Trust Your Gut!


Do you know that your gut has over 500 million neurons, over 40 neurotransmitters of the same type found in your brain, and that your gut plays a role in far more than just digestion? Have you heard that many in scientific circles now refer to the digestive system as our “second brain?” Your gut helps regulate your hormone levels and mental stability, and it helps you sense environmental threats and opportunities.

Why then is it so hard for many of us to learn how to trust our gut instincts?

For many of us, we allow fear to instill doubt: maybe it is a fear of judgment from people we care about, fear of failure, fear of just being wrong, or maybe it is fear of being a bad parent. As I shared in my earlier post, Listen to Your Instincts, NOT Your Instigators, I have been working hard to overcome these fears and listen to my instincts after a few life lessons where, had I NOT immediately listened to those instincts, it could have cost my children their lives. Even those lessons didn’t stop me from having to re-learn the same lesson recently. I quickly touched on our latest lesson before, and many of you sent emails asking for more details. Because I think my experience may help inspire some of you to move past your fears and trust YOUR instincts, I am choosing to share our latest story.

My youngest daughter, Jay, has been having sleep issues for at least 7 months. Initially she just told me she woke up a lot or had trouble falling to sleep. Later she shared that it scared her when she woke up like that. Then, one day I witnessed what we call an “episode,” and I sensed that it wasn’t right.

My pediatrician immediately sent me to the pulmonary and sleep disorder center, but that doctor felt it was merely anxiety. I considered that opinion carefully and honestly would have preferred it over another medical condition; but it just didn’t fit. Jay rarely worries about anything; and if she does, she verbalizes it or throws a complete hissy fit to get her feelings out. She certainly does not internalize.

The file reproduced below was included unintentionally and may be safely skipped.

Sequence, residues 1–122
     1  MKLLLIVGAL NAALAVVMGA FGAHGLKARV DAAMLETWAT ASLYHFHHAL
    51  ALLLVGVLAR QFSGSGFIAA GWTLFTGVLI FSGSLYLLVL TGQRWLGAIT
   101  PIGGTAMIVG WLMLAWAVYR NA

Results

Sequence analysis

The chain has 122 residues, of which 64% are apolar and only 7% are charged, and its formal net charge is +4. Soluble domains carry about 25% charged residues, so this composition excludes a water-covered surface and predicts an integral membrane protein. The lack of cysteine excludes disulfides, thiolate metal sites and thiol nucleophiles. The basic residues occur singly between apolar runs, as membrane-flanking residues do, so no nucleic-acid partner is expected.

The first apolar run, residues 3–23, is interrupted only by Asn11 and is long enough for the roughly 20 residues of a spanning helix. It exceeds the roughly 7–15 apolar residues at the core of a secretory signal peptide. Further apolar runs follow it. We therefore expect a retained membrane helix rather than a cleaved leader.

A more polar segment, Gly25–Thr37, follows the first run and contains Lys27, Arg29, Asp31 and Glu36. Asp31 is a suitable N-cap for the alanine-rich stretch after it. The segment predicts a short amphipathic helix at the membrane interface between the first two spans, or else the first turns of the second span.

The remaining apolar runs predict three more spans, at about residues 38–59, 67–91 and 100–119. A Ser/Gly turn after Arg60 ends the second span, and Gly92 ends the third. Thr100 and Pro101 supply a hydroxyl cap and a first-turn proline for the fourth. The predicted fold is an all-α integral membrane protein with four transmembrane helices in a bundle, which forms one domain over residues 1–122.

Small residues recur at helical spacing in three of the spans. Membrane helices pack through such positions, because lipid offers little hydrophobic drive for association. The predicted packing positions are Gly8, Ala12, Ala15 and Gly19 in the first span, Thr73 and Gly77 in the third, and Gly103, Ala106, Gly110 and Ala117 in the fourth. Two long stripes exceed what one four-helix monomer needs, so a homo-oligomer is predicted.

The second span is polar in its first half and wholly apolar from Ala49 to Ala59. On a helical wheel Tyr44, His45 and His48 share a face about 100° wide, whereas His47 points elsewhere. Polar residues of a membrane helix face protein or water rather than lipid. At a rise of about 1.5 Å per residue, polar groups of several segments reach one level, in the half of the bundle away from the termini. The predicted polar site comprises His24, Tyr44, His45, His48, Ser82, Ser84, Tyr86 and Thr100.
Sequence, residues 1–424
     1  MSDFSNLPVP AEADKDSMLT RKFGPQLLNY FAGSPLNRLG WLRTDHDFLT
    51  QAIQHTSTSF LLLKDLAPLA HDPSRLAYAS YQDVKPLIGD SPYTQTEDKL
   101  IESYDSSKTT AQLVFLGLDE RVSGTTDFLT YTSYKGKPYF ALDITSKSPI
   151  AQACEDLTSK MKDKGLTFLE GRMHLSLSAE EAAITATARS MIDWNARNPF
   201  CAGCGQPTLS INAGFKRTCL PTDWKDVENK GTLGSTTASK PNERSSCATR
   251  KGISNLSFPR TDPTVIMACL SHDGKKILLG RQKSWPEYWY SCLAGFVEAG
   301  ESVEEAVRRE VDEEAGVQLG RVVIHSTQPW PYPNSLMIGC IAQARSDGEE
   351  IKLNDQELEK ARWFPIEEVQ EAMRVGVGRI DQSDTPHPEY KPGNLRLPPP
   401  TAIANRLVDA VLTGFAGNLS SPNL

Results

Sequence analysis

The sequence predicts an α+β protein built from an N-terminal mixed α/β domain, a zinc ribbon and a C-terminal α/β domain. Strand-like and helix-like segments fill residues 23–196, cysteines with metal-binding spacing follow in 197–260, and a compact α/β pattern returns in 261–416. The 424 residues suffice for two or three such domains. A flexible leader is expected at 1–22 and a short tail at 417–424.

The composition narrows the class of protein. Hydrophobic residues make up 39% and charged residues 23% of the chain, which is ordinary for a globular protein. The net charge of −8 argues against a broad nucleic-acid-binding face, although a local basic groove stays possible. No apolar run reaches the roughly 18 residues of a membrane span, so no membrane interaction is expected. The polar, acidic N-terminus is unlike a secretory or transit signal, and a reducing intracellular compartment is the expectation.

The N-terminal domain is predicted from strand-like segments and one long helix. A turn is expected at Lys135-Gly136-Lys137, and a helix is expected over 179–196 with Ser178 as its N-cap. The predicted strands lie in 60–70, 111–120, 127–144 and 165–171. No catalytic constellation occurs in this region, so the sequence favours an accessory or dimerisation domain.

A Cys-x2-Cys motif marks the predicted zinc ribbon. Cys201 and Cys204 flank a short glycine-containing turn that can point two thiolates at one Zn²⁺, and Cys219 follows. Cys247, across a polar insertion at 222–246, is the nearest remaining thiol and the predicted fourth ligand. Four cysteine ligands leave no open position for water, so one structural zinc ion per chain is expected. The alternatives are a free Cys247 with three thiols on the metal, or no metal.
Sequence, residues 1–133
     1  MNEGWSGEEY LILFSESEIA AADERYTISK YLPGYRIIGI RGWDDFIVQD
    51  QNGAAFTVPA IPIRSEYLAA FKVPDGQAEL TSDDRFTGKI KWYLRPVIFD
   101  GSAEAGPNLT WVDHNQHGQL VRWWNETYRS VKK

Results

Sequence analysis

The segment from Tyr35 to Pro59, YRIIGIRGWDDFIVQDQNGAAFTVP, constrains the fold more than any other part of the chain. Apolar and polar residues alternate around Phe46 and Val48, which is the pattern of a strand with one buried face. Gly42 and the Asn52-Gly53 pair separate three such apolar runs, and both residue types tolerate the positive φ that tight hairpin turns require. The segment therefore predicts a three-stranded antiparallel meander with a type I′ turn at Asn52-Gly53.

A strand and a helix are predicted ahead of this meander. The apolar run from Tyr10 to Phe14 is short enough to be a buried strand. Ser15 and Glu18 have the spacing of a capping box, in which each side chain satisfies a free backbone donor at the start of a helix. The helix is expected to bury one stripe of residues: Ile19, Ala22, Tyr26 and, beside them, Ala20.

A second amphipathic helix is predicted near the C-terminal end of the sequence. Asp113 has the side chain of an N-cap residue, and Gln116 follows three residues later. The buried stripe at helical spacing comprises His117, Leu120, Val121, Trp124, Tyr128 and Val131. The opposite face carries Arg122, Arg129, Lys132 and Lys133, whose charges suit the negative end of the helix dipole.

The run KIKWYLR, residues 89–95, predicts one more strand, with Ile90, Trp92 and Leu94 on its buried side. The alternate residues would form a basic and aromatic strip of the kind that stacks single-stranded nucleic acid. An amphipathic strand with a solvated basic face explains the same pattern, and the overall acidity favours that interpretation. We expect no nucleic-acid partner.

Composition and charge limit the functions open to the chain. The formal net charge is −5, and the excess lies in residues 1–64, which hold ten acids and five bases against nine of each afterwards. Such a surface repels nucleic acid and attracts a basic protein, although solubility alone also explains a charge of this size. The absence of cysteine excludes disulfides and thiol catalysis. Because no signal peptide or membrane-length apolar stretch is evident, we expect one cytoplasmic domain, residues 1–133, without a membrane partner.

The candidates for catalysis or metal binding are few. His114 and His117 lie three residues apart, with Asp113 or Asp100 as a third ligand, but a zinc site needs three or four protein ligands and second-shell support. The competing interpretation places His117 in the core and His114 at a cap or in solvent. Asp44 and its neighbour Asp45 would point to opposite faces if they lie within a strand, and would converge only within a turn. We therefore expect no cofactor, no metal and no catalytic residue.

Jay's sleep study

Jay’s sleep study

So, I cashed in my trust card with my pediatrician and he talked the pulmonary doctor into at least doing a sleep study. From family and some friends I heard things like, “Oh, everyone has sleep issues, I am sure she is fine…why put her through unnecessary tests?” Some even ended that sentence with the word, “again.” I was starting to wonder if my husband and I were making a mistake. I even considered cancelling the test, but my husband reminded me that my gut was usually right and we should proceed.

It took me 3 months to get in for the sleep study. They called me shortly thereafter and shared that she had a “mild, non-obstructive sleep apnea,” and explained that basically they were not sure what was waking her but something certainly was at a time in her sleep cycle that was not normal. We at first felt comforted by the news, until we realized that the diagnosis merely acknowledged that something was not right, but didn’t pinpoint the cause.

We were referred to an ENT, who said her ears, nose, and throat were all perfect and he could not find a cause. We returned to see the specialist who felt again that maybe it was just stress-induced. As we were talking, I noticed a bullet on her results that read “abnormal EEG readings observed, follow up with a sleep deprived EEG may be warranted.” Believe it or not, the specialist was not intending to share that result. I had to point it out. He felt it was likely nothing and not worth testing for, until I reminded him that our daughter had two seizures as a baby that we always thought were medicine related, and that she was cocaine positive which is a risk factor for seizures. I also reminded him that we still did not know what was waking her at night, and this could help us either find the answer or exclude seizures as the cause. He acted as though I was crazy to even jump to seizures as a possibility, but still agreed to run it by the pediatric neurologist.

After weeks of not hearing anything, I called the office and inquired. They said they would get back to me. A week or so later I had to call again. I again wondered if I really should be pushing things since obviously none of her doctors seemed concerned. This time I received a prescription in the mail for a 24-hour ambulatory EEG, with no explanation as to why THAT test instead of the one we previously discussed, and no directions on what to do next. After I called to get that cleared up, the neurologist’s assistant informed me that it would be November before they could see my daughter.